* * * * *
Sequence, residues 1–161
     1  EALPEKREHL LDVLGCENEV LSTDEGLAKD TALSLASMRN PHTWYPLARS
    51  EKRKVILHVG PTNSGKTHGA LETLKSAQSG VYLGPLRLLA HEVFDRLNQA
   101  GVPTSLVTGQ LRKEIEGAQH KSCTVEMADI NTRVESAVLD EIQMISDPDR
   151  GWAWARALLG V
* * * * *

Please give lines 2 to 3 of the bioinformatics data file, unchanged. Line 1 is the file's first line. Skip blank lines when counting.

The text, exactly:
     1  EALPEKREHL LDVLGCENEV LSTDEGLAKD TALSLASMRN PHTWYPLARS
    51  EKRKVILHVG PTNSGKTHGA LETLKSAQSG VYLGPLRLLA HEVFDRLNQA